People ask me how to get more subscribers more often than they ask just about anything else.
It’s as if not more common than “How do I get more traffic?”
I think guest posting is a great way to go about list building – that’s no secret – especially when you’re starting out.
But do you know what it really takes to get 1,000 subscribers?
There’s a lot of hype, exaggerations, and even outright lies around about building a blog or online business.
So, a quick reality check is in order…
How Long Will it Take?
Let’s say you get 100 new visitors to your site every week with SEO (How SEO works), from social media, and by commenting on other blogs. And 5% of them join your email list.
If you start building your list today, you’ll get to 1,000 subscribers on Sunday, February 19, 2017.
What if you also write guest posts?
Let’s say you write a guest post every two weeks and get an additional 35 subscribers from each of them.
The thousand-subscribers mark gets closer. Thursday, February 28th, 2014.
Still, a long time, don’t you think?
But that’s what you’ve been told to do.
Do you think we can do better? I do.
Get There in 6 Months
So, how do you get to 1,000 subscribers by October 21, 2013?
Let’s assume you’ll get five “random” subscribers per week. That means you still need to get 870 more from guest posts.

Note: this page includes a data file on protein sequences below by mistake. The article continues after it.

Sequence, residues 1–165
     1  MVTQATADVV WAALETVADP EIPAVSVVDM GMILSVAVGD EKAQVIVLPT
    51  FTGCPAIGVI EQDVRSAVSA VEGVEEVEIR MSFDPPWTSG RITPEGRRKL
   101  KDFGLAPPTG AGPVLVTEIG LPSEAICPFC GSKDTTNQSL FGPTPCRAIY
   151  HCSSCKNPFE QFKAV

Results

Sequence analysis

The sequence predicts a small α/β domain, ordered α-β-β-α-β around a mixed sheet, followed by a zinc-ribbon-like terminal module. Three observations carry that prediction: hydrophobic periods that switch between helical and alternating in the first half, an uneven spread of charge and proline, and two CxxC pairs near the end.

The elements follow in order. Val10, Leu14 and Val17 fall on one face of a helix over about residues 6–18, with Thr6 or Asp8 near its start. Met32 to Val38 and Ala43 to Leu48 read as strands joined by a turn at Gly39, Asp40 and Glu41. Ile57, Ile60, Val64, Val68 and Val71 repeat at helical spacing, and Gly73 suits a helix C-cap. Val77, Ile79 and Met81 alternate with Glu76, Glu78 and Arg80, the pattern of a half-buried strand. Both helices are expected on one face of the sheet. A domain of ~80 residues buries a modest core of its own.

If you write one guest post every two weeks, each of them gets accepted, and it takes a month for them to be published, you have time to get 10 guest posts published.
87 subscribers per guest post.
There are three things you need to get right for that to happen.
Write the Guest Post Right
I won’t get into huge detail here. You can check out Write Like Freddy for the full scoop.
But here are the basics:
- Only write to relatively large blogs. If you write to a blog with 500 subscribers, you’re unlikely to get more than a few opt ins. But if the blog has 50,000 subscribers, getting even a few hundred people to your list is a reasonable goal.
- Pick a topic that has proven to be popular in the blog you’re writing to. Check what topics occupy the “most popular posts” list, which is in the sidebar of most blogs. You can take a gamble and pick another topic, and you might win big. But usually, sticking to the proven high-performing topics is your best bet.
- Have a related opt-in incentive. Let’s say you write a post about sewing easy children’s clothes. And when people join your list, they get an ebook about traditional “haute couture” tailoring methods. People who are interested in sewing clothes for their children are unlikely to want to learn how to hand sew invisible zippers or drape chiffon. Instead, if your ebook is about sewing simple children’s clothes, they’ll jump at the chance to get it.
Give People a Good Reason to Join Your List
Having an opt-in incentive (ebook, mini email course, videos, etc.) that’s related to the topic of your post, is just the “price of admission.”
When you’re aiming to get really good results, you need to have something more – a strong value proposition.